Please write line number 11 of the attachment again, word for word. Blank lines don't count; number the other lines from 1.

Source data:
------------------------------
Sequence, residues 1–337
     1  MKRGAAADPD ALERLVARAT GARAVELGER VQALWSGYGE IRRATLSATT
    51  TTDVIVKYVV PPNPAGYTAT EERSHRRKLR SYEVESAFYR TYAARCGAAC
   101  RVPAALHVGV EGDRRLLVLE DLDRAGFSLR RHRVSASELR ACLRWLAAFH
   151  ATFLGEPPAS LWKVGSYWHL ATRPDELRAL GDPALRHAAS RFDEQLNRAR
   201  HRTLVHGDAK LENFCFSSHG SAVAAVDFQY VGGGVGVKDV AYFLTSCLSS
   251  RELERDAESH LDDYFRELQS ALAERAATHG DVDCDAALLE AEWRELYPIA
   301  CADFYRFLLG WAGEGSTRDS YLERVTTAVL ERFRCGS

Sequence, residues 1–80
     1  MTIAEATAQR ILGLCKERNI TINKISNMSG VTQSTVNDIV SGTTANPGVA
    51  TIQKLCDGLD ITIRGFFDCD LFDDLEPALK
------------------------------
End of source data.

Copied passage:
    51  TIQKLCDGLD ITIRGFFDCD LFDDLEPALK